Dassault Aviation has reached a settle-ment with Honeywell over a $60 million lawsuit filed by the French business jet builder in October last year.
The complaint stemmed from software integration holdups with Honeywell’s Primus Epic avionics platform, the baseline system behind the EASy cockpits in the Falcon 900EX and 2000EX. In the lawsuit, Dassault claimed that Honeywell assured it that the basic functionality of Primus Epic was ready in mid-1999 when in reality the avionics system still required considerable development, leading to a nearly three-year delay in certification of the 900EX.
Terms of the settlement were not disclosed. In a statement, Honeywell said it had reached a “mutually satisfactory resolution” with Dassault about the matter and that it looks forward to continuing the companies’ “longstanding and successful relationship.”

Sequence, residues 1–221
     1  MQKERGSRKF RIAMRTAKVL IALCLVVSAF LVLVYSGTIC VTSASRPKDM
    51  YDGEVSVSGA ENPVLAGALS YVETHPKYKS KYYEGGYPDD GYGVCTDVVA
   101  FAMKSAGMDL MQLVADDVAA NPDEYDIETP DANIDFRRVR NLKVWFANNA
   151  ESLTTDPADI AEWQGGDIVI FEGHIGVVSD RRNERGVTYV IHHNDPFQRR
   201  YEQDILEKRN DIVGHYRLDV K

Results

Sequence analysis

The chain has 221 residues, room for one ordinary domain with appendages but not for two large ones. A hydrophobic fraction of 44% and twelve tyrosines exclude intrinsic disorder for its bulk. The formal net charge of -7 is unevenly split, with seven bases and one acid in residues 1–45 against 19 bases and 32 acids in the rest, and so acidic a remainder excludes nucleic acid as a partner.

In its lawsuit, Dassault had claimed that Primus Epic setbacks and the ensuing certification delays damaged the manufacturer’s reputation for delivering airplanes on time. Dassault even contended that at one point Honeywell requested dozens of engineers be “loaned” to Honeywell to assist with EASy software coding. Dassault also claimed that production shipsets of Primus Epic hardware arrived late, were in poor condition and did not meet agreed-to specifications.
The Primus Epic avionics system is flying today aboard a variety of business jets, helicopters and regional airliners, including the Gulfstream G550 and G450; Agusta AB139 helicopter; Embraer 170/175 and 190/195 regional jets; the Dassault Falcon 900EX, 2000EX and 7X; Cessna Citation Sovereign; and Raytheon Hawker 4000.